Book Review: Though Waters Roar

Though Waters RoarIn Though Waters Roar by Lynn Austin, Harriet Sherwood is a young woman in the early 1900s who has just landed in jail for defying the Prohibition’s liquor laws – but not for the reasons you might think. As she spends the night in jail, she contemplates how ironic it is that she’s there, given that her grandmother spend much of her adult life fighting for Prohibition. Trying to trace how she got to where she is, she reminiscences about the women in her heritage.

Her great-grandmother, Hannah, helped hide slaves and smuggle them to the Underground Railroad. Her grandmother, Bebe, stepped out of the conventional role of her new marriage in upper-class society to help those less fortunate, participate in the Women’s Christian Temperance Union, and fight against “Demon Rum,” landing in jail herself for taking an axe to whiskey barrels. Her mother, Lucy, though having a very different personality and upbringing, eventually stepped out of her shallow lifestyle to try to help others as well. Finding that the means to appeal to civic authorities for needed changes was blocked by those authorities because she was a woman, she fought for women’s right to vote.

Harriet “didn’t want to be like my fiery grandmother and end up in jail, any more than I wanted to be a dutiful wife like Mother or a virtuous siren like Alice [her sister]. But how was I supposed to live as a modern woman, born just before the dawn of the twentieth century? What other choices did I have? That’s the question I was endeavoring to answer when I ended up in jail.”

The story of Harriet’s ancestors takes up most of the book and is told in flashback. With each mother-daughter pair, the mother tries to teach eternal truths to a daughter not always willing to listen, at least at first. But eventually each finds her own way, and Harriet is reassured that “Someday…God is going to give you a task to do in your own time and place. Then you’ll have to put your faith in Him as you follow your conscience.”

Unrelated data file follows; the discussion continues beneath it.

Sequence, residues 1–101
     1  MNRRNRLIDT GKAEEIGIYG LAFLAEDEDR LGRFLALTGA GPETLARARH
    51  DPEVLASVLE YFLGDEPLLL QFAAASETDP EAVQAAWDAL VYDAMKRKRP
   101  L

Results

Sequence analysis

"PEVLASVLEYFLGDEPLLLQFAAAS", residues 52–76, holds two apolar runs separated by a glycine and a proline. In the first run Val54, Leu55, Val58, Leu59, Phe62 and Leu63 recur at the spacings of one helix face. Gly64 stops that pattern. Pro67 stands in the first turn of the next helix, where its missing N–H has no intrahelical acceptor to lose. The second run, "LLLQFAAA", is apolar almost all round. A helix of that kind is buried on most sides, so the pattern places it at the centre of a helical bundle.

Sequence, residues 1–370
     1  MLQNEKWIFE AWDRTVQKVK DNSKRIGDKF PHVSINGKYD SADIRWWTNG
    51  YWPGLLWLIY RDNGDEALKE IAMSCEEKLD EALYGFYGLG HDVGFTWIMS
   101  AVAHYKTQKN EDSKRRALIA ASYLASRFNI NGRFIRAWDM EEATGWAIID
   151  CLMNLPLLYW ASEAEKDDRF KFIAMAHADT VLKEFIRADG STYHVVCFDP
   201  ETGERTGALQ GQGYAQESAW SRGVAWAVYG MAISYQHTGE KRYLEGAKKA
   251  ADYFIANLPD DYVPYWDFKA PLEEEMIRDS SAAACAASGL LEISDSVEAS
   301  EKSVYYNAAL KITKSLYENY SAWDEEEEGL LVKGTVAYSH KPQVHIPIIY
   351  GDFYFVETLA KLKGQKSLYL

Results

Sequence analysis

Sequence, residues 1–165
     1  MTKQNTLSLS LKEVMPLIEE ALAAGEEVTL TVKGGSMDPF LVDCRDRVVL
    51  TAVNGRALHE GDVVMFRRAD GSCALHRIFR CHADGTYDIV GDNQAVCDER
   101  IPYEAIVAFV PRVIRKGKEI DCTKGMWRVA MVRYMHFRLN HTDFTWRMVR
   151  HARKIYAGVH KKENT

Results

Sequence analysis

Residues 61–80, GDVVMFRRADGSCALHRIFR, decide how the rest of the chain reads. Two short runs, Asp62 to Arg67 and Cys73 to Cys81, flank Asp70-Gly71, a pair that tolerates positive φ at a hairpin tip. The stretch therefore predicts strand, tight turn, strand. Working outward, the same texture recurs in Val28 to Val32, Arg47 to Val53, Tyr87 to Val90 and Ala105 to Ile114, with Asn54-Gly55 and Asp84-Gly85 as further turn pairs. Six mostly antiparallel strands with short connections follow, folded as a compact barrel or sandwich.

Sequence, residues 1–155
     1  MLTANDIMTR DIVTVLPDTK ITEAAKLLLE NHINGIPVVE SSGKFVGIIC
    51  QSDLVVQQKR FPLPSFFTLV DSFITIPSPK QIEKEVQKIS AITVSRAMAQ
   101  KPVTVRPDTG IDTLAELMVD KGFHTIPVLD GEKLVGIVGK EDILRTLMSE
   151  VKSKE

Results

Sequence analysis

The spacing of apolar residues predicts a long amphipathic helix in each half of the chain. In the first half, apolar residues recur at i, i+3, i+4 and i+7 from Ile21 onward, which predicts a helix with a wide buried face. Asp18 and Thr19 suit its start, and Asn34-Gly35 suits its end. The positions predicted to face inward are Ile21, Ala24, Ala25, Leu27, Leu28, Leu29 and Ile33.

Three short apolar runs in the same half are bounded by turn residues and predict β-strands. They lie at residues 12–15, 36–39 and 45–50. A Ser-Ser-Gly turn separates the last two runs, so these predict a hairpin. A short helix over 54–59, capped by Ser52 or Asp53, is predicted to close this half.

A few favorite quotes:

Thank goodness you’re such a plain child. You’ll have to rely on your wits.

Grip the rudder and steer, Harriet. Don’t just drift gently down the stream. If you don’t have a map, you might run aground somewhere or end up crushed against the rocks. Always know where you’re headed.

Bitterness is like a weed. Remember how hard it always was to pull out thistles once they take root? Remember how deep those roots grow, and how if you just snapped off the end of it, the plant would grow right back? You have to dig down deep inside. Let God search your heart. Let Him show you what’s there and help you root out all that bitterness.

There’s no shame in changing direction, Harriet. In fact, once you’ve seen the warning signs, it’s always wise to turn around.

Our daughters aren’t the same people we are, nor are they extensions of ourselves. They are unique individuals in God’s eyes, responsible to Him for the choices they make, not to their mothers.

As much as our communities might need it, and as bad as things are, imposing our morality on others isn’t the answer. It doesn’t work. People may be forced to give up alcohol, but they are still going to hell. That’s our calling—to bring people to Christ—not to force them to behave the way we want them to or to solve all their external problems.

I had not known until fairly recently that there were different waves of feminism and that when it first started, it fought for good and necessary ways to help others. It was later on that other agendas and prejudices crept in. So it was interesting to read how this first wave came about. Even in fighting for good causes, though, there were problems with balance in being away from home so much, leaving children to others to raise, and occasionally defying husbands. I don’t think the author is saying those things are necessary or right, but that it’s always a struggle to maintain the right balance. Even Grandma Bebe (speaker of the last quote listed) comes to realize in the end that her life would have been better spent in eternal pursuits.

I actually didn’t like Harriet very much, but I think her personality was indicative of both having been left to herself too much and trying to find her way. When she does seem to be finding it and some pieces start to fall together for her, some of the rough edges smooth over.

I did enjoy the story and the look into the lives and journeys of the women. I was about to say which one I identified most with, but then found I couldn’t really name one – there was much to glean from and identify with in each woman’s life.